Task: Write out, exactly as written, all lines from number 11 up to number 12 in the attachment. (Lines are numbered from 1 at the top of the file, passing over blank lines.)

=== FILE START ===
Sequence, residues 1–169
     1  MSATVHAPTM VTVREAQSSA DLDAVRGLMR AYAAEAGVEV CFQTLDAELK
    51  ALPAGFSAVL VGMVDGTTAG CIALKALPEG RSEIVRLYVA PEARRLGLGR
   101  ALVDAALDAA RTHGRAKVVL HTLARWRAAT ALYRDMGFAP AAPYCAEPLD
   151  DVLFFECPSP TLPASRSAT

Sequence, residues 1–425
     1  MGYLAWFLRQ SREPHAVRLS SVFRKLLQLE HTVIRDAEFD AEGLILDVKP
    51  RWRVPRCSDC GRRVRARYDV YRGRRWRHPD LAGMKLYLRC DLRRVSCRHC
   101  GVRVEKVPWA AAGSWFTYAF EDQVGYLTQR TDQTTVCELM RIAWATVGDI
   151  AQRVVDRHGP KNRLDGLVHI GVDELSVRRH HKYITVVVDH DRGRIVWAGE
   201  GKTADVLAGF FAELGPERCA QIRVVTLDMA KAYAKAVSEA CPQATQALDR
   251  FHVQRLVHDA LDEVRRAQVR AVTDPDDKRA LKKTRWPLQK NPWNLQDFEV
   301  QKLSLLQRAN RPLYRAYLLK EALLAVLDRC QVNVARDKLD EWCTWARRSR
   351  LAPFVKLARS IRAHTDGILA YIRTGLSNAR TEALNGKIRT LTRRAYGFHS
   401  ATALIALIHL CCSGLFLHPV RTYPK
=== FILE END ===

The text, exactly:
   201  GKTADVLAGF FAELGPERCA QIRVVTLDMA KAYAKAVSEA CPQATQALDR
   251  FHVQRLVHDA LDEVRRAQVR AVTDPDDKRA LKKTRWPLQK NPWNLQDFEV